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APSU officials to assist students as they apply for HOPE Lottery Scholarships

October 21, 2003


Though details are still to be finalized, Austin Peays admissions and financial aid staff is preparing to guide qualified high school seniors and current APSU freshmen through the application process for the Tennessee HOPE Lottery Scholarship.

APSU officials are advising high school seniors and their parents that first-time college freshmen who graduate from high school in 2004 will be eligible for a $3,000 Tennessee HOPE Lottery Scholarship.
October 21, 2003


Though details are still to be finalized, Austin Peay's admissions and financial aid staff is preparing to guide qualified high school seniors and current APSU freshmen through the application process for the Tennessee HOPE Lottery Scholarship.

APSU officials are advising high school seniors and their parents that first-time college freshmen who graduate from high school in 2004 will be eligible for a $3,000 Tennessee HOPE Lottery Scholarship.

“Over their four years in college, these students could receive $12,000,” says Director of Admissions Scott McDonald. To be eligible, a Fall 2004 freshman must:

•Be a legal resident of Tennessee;
•Graduate from a Tennessee high school with a minimum unweighted GPA overall and in the college core of 3.0 OR score at least a 19 on the ACT (890 SAT);
•Have completed the required 20 college-core courses;
•Have filed a completed FAFSA (Free Application for Federal Student Aid) form.

Tennessee Higher Education Commission (THEC) and Tennessee Student Assistance Corporation (TSAC) officials stress that the first step for every high school senior-regardless of family income-is to complete and file the FAFSA as early as possible in spring 2004.

Lottery scholarships are guaranteed to all qualified students who file by the deadline. If proceeds from the lottery are inadequate to fund the scholarship program fully the first year, scholarships will be reduced on a pro rata basis.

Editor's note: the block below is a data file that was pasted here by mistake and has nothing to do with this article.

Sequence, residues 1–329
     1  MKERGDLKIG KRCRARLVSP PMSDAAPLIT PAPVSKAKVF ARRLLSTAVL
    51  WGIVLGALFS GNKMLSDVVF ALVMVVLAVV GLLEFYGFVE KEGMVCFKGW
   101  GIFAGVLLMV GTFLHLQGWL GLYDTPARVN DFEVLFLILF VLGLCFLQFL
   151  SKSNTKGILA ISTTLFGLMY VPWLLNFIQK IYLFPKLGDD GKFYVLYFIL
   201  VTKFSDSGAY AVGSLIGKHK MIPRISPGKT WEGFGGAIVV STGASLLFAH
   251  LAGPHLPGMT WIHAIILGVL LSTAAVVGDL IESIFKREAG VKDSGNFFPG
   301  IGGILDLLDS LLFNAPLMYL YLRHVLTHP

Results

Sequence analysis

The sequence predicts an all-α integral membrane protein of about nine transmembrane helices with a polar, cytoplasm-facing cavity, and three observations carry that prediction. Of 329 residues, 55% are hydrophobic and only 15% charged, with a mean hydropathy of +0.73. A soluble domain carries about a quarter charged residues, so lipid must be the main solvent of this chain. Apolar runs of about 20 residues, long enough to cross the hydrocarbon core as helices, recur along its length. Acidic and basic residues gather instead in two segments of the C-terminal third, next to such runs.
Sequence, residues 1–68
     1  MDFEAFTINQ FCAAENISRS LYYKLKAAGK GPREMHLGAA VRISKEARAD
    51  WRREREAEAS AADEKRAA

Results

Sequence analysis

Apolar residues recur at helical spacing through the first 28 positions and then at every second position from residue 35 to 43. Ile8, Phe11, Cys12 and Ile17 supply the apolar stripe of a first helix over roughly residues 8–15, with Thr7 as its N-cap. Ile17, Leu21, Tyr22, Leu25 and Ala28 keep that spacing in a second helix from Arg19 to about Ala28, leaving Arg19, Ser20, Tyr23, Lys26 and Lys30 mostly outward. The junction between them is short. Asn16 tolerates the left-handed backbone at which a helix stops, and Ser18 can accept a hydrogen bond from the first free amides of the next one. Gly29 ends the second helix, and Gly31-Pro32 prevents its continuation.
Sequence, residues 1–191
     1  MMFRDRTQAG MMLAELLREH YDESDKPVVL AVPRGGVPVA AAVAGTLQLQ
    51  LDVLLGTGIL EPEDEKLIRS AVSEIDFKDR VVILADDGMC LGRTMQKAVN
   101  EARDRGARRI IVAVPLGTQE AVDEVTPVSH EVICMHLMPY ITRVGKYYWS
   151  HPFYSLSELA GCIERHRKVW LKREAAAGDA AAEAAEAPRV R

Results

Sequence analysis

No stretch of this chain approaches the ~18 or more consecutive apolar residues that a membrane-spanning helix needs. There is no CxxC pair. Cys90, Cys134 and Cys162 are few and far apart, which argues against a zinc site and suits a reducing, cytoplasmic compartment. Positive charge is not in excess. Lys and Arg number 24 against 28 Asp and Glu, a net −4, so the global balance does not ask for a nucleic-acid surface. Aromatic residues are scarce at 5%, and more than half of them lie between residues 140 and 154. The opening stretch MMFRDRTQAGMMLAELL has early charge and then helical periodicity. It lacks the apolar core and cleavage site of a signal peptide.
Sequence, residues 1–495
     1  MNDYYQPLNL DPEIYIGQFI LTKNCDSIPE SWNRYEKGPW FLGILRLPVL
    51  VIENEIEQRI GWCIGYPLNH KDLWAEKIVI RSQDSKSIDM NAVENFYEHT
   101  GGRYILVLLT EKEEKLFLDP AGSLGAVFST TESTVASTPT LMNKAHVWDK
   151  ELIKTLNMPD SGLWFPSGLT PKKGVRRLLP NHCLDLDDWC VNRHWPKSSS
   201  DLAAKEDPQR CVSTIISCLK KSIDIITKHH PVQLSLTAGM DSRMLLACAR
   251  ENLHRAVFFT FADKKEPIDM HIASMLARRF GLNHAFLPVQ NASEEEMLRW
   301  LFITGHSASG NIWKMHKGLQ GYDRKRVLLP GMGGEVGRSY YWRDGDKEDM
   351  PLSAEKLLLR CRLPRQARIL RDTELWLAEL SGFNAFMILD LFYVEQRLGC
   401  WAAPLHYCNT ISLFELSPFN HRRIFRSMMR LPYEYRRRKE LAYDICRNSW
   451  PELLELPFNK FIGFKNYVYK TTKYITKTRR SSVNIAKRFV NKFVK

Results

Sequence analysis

For graduating high school seniors who do not meet the required unweighted 3.0 GPA or 19 ACT, there is provision for an “access grant.”

Donna Price, interim director of financial aid, noted that additional money generally is available for high school seniors with extremely high GPAs or ACT scores and for those who qualify for need-based aid.

Because the lottery scholarship application process may seem complicated, the University's admissions and financial aid offices are planning a series of workshops in early 2004 for prospective students, their parents and area high school guidance counselors.

Dr. Sherry Hoppe says, “The Hope Lottery Scholarship puts college within the grasp of every high school student in Tennessee. The resulting increased enrollment may strain universities' capacity statewide, and at Austin Peay we are preparing to accommodate the influx of some of the state's best and brightest students. With our new 225,000-square-foot science building, new residence halls and a new university center, we expect many of these students to choose APSU, and we are committed to serving them.”

For Fall 2004 and Spring 2005, current college freshmen who graduated from a Tennessee high school in 2003 also are eligible for lottery scholarships but have specific requirements to meet.

Current APSU freshmen must:

•Have earned an ACT of 19 (890 SAT) or a high school GPA overall and in the college core of 3.0;
•Earn an overall GPA of 2.75 during the freshmen year
•Complete a minimum of 24 hours of for-credit coursework;
•Complete and file the FAFSA;
•Be a Tennessee resident for one year.

Scholarship regulations say students who receive the scholarship must maintain eligibility each year. If they become ineligible any one semester, they cannot regain eligibility.

There are special eligibility stipulations for certain students, such as those who are home schooled or who have earned a GED.

For more information about the Tennessee HOPE Lottery Scholarship, visit the Tennessee Student Assistance Corporation Web site at www.state.tn.us/tsac/lotteryfaq.htm.
—Dennie Burke